To say, on the one hand, that God, from all eternity, foreordained that A B should be eternally damned; or, on the other hand, to declare that from all eternity God foresaw that A B would certainly be eternally damned, is about equally to reflect upon the infinite goodness, kindness, and sympathy of Deity. All such teachings do seem to slander Christianity and raise doubts as to the perfect benevolence of him "who is glorious in holiness and awful in praises." But if we affirm that it is impossible, in the nature of things, for God to foreknow the future choices of free beings, when acting under the law of liberty, what doctrines of Christianity does it invalidate, or what evangelistic enterprise can it paralyze or in any way depreciate? What principle of morality can it unsettle, or what energy of the Gospel can it in any way lessen? How can such an affirmation in the least darken any mind or weaken the energies of any will, or lessen the faith, reverence, or love of any child of God?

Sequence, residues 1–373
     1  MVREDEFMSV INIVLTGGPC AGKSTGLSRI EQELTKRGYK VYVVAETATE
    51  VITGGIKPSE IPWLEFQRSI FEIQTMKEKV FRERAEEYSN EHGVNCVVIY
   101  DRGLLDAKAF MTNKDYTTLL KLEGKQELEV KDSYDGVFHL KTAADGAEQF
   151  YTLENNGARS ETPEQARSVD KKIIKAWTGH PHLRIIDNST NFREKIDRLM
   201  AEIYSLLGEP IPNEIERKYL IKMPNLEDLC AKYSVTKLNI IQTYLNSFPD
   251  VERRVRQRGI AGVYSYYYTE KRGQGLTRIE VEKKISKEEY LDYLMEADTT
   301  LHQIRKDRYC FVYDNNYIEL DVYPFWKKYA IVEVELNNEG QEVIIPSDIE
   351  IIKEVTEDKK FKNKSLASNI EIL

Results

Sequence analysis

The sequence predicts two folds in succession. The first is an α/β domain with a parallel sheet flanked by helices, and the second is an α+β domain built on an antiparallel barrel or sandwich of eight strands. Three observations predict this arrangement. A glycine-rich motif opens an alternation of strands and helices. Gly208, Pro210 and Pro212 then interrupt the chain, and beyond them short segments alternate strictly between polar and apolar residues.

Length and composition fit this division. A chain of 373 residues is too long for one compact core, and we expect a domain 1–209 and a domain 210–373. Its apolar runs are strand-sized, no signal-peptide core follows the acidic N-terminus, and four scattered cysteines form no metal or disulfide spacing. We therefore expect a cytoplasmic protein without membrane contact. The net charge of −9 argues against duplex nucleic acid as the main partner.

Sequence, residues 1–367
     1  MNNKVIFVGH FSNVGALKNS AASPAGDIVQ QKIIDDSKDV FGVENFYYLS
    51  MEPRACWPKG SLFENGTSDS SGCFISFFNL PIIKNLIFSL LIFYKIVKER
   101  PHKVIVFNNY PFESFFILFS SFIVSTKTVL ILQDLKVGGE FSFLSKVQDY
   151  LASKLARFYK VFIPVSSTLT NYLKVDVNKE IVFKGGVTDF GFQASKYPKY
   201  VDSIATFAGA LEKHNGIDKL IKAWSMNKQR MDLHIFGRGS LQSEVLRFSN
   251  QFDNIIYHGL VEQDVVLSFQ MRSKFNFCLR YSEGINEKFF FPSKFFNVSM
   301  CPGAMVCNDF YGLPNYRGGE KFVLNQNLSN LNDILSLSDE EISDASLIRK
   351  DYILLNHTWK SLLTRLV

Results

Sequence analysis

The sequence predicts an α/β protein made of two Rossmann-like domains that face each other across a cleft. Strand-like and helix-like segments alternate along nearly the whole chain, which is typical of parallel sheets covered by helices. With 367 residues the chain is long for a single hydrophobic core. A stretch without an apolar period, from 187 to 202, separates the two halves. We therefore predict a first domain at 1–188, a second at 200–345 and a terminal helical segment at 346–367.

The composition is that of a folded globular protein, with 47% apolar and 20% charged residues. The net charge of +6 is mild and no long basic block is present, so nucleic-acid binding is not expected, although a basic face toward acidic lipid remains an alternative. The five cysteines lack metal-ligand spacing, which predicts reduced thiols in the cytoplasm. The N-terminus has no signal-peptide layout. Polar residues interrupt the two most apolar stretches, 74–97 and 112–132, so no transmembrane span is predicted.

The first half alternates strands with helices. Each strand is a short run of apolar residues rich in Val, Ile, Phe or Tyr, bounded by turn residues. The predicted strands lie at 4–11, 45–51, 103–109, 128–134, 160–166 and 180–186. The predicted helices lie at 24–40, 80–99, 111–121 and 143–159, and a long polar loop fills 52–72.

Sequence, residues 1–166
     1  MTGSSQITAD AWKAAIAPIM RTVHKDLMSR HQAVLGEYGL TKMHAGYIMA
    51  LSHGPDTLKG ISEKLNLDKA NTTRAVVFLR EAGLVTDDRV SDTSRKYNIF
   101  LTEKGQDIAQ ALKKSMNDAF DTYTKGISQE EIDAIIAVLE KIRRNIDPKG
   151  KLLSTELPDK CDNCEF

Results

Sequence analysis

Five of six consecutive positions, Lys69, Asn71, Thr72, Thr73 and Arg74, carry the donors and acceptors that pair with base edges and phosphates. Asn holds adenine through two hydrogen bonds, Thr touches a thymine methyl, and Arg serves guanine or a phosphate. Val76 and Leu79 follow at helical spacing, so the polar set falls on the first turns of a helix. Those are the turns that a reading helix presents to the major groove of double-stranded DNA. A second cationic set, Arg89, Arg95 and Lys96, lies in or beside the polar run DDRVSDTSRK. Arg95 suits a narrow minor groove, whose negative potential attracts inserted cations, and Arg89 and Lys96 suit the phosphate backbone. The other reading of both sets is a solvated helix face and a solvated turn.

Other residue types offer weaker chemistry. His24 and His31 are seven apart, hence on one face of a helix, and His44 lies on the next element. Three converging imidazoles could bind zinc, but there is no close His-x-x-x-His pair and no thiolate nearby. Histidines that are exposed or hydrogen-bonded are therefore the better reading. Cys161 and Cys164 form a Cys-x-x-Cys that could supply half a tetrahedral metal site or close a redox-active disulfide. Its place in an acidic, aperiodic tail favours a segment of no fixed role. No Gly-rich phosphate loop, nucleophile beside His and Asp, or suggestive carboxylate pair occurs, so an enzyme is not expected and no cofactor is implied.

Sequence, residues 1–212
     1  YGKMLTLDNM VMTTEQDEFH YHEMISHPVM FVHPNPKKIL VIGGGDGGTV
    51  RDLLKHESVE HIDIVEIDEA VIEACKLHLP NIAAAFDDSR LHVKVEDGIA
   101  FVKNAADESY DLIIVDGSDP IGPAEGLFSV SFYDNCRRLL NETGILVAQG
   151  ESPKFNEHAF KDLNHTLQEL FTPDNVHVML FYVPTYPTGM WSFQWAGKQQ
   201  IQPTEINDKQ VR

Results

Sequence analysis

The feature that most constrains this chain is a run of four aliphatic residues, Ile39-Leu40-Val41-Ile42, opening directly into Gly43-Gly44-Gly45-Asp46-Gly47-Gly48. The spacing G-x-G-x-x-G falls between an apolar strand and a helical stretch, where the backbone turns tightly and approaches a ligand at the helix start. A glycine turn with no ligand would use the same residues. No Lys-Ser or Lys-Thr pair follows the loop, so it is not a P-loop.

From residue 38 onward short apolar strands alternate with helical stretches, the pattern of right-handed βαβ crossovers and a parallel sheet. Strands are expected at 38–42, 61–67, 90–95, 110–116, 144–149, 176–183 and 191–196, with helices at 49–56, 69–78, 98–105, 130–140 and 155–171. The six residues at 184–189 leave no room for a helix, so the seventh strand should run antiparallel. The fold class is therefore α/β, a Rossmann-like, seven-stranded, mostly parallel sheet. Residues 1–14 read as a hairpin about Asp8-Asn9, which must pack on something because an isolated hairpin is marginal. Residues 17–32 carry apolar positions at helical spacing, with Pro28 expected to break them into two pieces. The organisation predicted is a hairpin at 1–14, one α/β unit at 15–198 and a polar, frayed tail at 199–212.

There can be no necessity for God to act upon a false assumption. If, therefore, he treats us as though he did not foreknow, no logical imperfection or moral censure or mental weakness could certainly be justly attributed to us should we infer that, in fact, the reality corresponds to the manifest seeming. But to affirm that God treats us as though he did not foreknow, when he certainly does foreknow, is surely to charge the divine character with at least a semblance of inconsistency. And this would be a weighty excuse, if not a justification, of oblique tactics in the conduct of limited mortals. If, then, God practically assumes that he does not foreknow, it is dangerous for us to assume that he does foreknow. Dangers thicken on our way, inconsistencies invade our systems of doctrine, difficulties multiply will through the pages of Divine Revelation, vantage ground is thrown up from which Satan may successfully attack and worry probationers, and we ourselves are much more liable to miss the great purposes of our creation and fail in the realization of our highest possibilities the very moment we assume that God does foreknow all the future choices of free beings. The dogma of foreknowledge certainly cuts the sinews of responsibility, dims the great truths that should ever thoroughly possess us, and serves to quiet our conscience, "while condemning ourselves, in the thing that we allow."